Russia (MNN) — American Pastor Thomas Kang felt compelled to plead guilty to charges in court just outside of Moscow.
On Tuesday, April 2, a hearing was held on the case of Pastor Kang. He and his lawyer decided to plead guilty in order to soften the punishment for the crime.
Wade Kusack, Russian Ministries Project Manager for Religious Freedom Issues in Eurasia, says, “He agreed to plead guilty and received six months in prison and 90,000 rubles, or $3,000, in penalties.” Following that, Pastor Kang was released because he had already served seven months in jail.
Kusack says Pastor Kang didn’t have a choice. “He accepted the offer from the prosecutor [to] plead guilty and be free. He was separated from his family for almost seven months. It was almost impossible for him to prove the truth.” (Click here for more details.)
Kusack says, “We believe that the case was fabricated by the local authorities, that the pastor gave a ‘bribe’ under pressure from the police officer and had been abetted by his assistant. He believes this was a test by authorities to put pressure on religious minorities. I am afraid they will practice such a situation in the future on other minorities in the future.
The following is the statement by the Russian Guild of Experts on Religion and Law:
Increasingly in Russia, prosecutorial agencies take action against the faithful, against Christian missionaries, and these actions are not, formally, prosecution initiated on the basis of their religious beliefs. Essentially, representatives of various faiths are provoked, and said provocations result in criminal, or other action.
Kusack says, “In this regard, the Guild of Experts on Religion and Law calls on the Investigative Committee of Russia, the Prosecutor General’s Office, the Public Chamber of the Russian Federation, and the general public to take note of the case of the Protestant Pastor Thomas Kang, a U.S. citizen, who, as a result of obvious provocation, is under investigation for bribery.”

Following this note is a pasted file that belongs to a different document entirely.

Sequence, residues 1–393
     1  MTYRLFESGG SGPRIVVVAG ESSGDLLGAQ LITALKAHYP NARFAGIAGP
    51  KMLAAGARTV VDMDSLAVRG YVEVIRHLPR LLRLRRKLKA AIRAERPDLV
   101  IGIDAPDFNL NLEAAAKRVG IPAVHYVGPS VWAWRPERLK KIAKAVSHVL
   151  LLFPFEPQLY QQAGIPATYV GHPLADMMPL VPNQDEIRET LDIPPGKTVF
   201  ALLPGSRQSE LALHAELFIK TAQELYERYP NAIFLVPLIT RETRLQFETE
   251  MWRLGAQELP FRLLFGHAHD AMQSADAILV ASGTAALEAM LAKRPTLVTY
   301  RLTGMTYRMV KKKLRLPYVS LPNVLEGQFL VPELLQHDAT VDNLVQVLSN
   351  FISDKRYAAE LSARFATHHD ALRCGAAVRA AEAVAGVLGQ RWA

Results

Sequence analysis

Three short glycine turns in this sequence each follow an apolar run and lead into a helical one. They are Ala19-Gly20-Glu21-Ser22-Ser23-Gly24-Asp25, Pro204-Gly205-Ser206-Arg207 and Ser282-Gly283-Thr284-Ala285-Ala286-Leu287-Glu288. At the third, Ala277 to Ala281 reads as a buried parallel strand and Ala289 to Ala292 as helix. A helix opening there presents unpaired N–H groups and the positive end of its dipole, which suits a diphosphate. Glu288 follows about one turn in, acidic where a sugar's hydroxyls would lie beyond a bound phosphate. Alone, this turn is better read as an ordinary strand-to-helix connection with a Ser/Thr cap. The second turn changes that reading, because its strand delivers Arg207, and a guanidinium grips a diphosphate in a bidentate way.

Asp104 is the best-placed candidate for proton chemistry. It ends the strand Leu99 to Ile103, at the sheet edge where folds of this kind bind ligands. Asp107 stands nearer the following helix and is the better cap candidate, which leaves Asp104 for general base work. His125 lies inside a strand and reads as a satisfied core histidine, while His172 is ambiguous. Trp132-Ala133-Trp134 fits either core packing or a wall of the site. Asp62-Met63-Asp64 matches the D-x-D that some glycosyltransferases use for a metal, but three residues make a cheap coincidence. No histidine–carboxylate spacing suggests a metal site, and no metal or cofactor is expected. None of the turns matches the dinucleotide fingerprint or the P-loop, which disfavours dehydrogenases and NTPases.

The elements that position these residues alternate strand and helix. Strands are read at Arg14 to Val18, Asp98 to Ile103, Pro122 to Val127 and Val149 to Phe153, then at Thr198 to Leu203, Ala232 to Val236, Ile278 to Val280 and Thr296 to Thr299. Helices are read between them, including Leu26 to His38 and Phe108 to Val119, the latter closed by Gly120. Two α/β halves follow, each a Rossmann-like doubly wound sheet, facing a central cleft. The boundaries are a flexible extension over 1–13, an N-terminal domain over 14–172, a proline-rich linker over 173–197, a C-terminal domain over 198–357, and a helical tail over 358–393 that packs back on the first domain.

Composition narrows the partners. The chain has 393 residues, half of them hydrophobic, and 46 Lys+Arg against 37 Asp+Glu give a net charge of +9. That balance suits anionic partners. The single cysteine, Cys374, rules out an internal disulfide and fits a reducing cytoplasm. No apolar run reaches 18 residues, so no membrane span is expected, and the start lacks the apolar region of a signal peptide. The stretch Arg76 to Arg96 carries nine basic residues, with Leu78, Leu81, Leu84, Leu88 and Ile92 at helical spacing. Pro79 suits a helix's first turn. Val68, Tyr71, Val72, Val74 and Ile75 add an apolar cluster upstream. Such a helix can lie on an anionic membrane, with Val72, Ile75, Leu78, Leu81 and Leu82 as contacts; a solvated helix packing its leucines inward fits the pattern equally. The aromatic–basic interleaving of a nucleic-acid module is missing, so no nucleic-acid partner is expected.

The case isn’t completely over. Kusack says authorities took personal belongings from him. “There are many things that just disappeared from his apartment: jewelry, 28,000 rubles, and more things. The lawyer has initiated a case against the police officers who searched his apartment.”
Kusack also says Pastor Kang will have another issue facing him. “There’s a good chance that Pastor will be deported from Russia because of his so-called ‘criminal’ past. I don’t know what will happen.”
Actions such as this, which are clearly targeted at believers who are persona non grata (an unwelcome persons), as well as at active preachers who are unable to defend themselves, will inflict damage on Russia’s international reputation as a Christian country. Kusack says, “What transpired with Pastor Kang is a case of blatant persecution on the basis of religion, aided by criminal provocation. There is no doubt that the actions against Pastor Kang were taken with the aim of stamping out the Christian community which he created, and developing a means of expelling him from Russia.”
Kusack continues, “We hope that, both within Russia and abroad, the public will respond vigorously to such blatant violations of the rights of believers to religious freedom and freedom to practice their beliefs, which are more and more frequently being threatened under various pretexts on the territory of Russia.”
Russian Ministries is heavily involved in helping evangelical Christians deal with religious and political persecution. Support their work by clicking here.